HOUSTON - The $6 billion defined benefit plan for Shell Oil Co. is almost finished selling its $100 million real estate commingled fund portfolio.
It sold off the biggest chunk - $66.2 million - last month in the largest trade of commingled fund shares by the Institutional Real Estate Clearinghouse.
Shell still has about $90 million in direct property holdings in separate accounts, according to Pervis Thomas, chief investment officer of the Shell Retirement Funds.
"We have not decided what we will do with real estate," Mr. Thomas said.
"We still have our separate accounts; we will look at REITs (real estate investment trusts)," he said.
But the fund's "whole focus is to get out of commingled accounts because it didn't work out."
Shell sold its shares in five commingled funds for $66.2 million last month, the single largest piece since it began liquidating last year, according to Mr. Thomas. The buyer of the largest chunk was the Praedium Funds, a real estate partnership sponsored by New York-based Credit Suisse First Boston. The General Electric Pension Trust, Stamford, Conn., participated in the transaction because Praedium is not a qualified buyer of commingled fund group trusts, said industry sources.
John Myers, president of GE Investments, which oversees GE's pension fund, was unavailable for comment.
Also, industry sources said investors in two of the commingled funds exercised rights of first refusal, which allowed them to buy the funds at the price agreed to by Praedium.
In the transaction, Shell sold its shares in Heitman Real Estate's Fund II and 1211 Acquisition Corp; ERE Yarmouth's Asset Enhancement Fund and U.S. Prime Property Inc.; and Cabot Private Partners.
Investors in the Cabot and 1211 funds exercised their rights to buy Shell's units.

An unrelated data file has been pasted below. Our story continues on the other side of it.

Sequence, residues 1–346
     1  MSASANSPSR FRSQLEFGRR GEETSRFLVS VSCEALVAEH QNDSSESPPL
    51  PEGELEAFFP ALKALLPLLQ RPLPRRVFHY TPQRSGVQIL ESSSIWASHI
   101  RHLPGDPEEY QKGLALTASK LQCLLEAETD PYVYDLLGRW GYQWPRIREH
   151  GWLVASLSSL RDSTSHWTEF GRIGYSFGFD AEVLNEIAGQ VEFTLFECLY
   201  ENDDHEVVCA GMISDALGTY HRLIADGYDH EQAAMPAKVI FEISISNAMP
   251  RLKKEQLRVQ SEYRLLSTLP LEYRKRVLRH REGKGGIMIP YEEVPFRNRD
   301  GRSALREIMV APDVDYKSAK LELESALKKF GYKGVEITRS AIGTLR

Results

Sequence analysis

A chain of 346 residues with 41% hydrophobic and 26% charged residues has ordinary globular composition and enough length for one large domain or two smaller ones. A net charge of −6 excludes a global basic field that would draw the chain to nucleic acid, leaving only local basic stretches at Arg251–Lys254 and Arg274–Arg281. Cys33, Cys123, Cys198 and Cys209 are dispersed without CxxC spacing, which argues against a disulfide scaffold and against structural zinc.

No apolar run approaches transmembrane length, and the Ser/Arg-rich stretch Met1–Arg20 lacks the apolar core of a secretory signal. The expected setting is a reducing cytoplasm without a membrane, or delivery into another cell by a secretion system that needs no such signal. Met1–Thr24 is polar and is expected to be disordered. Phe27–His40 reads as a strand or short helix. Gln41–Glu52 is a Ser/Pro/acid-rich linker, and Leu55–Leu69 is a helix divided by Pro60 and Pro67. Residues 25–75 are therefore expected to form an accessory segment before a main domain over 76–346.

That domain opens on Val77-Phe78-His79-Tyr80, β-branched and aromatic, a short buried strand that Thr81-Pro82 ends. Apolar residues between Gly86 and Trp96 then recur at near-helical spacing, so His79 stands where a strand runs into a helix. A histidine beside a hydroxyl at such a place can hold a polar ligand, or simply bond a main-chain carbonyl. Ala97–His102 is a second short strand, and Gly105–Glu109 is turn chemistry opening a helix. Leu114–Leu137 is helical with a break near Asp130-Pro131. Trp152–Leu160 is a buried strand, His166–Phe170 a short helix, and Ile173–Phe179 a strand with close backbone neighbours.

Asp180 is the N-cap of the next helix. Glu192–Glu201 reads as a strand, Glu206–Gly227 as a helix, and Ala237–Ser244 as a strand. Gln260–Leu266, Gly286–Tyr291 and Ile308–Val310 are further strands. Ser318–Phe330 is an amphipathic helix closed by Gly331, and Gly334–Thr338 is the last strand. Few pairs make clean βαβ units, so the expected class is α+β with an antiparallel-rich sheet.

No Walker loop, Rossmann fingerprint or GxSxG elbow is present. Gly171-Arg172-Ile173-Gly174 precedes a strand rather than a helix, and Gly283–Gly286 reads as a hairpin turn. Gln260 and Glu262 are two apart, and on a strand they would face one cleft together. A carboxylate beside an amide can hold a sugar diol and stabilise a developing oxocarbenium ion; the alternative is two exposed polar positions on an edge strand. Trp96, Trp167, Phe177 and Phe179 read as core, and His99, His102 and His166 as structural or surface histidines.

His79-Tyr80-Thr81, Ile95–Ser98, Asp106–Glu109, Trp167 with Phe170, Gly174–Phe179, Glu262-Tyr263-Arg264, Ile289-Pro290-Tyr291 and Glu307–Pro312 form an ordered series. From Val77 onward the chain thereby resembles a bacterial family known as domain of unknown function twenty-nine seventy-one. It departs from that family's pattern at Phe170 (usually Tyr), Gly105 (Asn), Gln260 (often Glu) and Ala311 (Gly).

Shell had more than 10% of its total assets in real estate in 1993-1994 when the defined benefit plan was about $4 billion, said Mr. Thomas. Real estate is now about 1.5% of the $6 billion fund.
Real estate does not have an allocation at the Shell pension fund; it is a component of the fixed-income allocation, he said.
Shell's decision to sell its real estate commingled funds is representative of the greater effort by pension funds to extricate themselves from illiquid real estate securities by selling in the secondary market.
"There is no question that we have seen a dramatic increase," said Brent Donaldson, president of Liquidity Financial Advisors, an Emeryville, Calif., firm that specializes in secondary market purchases of commingled funds.
"We will see nearly $1 billion of trading come through our shop this year."
Mr. Donaldson attributed the increase in secondary market activity to plan sponsors finally investing in other alternatives and to the improved real estate markets, which narrowed the discounts to net asset value by which the funds usually trade.
Anthony Labozetta, managing director with New York-based Cantor Fitzgerald, which executes trades for the Institutional Real Estate Clearinghouse, said his firm is working on transactions larger than the one between Shell and Praedium.
Landmark Partners Inc., Simsbury, Conn., a private equity fund, just closed a $400 million fund to buy commingled real estate funds, said Richard Maine, director. Landmark buys partnership interests in the secondary market in a variety of investment classes.
The firm bought the real estate commingled fund interests of the State of Connecticut Trust Funds last year.
Russell Appel, managing director with CS First Boston, said his company will pursue other secondary market buys of real estate commingled funds.
Peter Levine, a former vice president with Cantor Fitzgerald, was brought in as a consultant to assist with the purchase of the Shell commingled fund units, said Mr. Appel.
"Our general strategy is to identify inefficiencies in the marketplace and capitalize on those," he said. "These funds are difficult for people to understand.
"There are a large number of issues to investigate for a small investment," said Mr. Appel. "You are buying a partial interest in a pool of assets and to do it right, you have to underwrite the entire pool. You have to understand the asset management issues and their strategy."
Mr. Appel also opened the door to aggressive shareholder activism to maximize the values of commingled funds.
"We are more willing to be more aggressive in how we approach the investment manager than other investors," said Mr. Appel. "We have access to capital which allows us to do things that a pension fund doesn't have the resources or stomach to do.
"There may be value added to (other investors) by our participation," he said.
Mr. Thomas declined to provide return information on Shell's commingled fund investments or if the commingled fund units were sold at a discount to net asset value.
According to Mr. Donaldson, the average discount to net asset value on the transactions completed this year by Liquidity Financial is in the range of 15%. Discounts last year ranged between 20% and 25%, said Mr. Donaldson.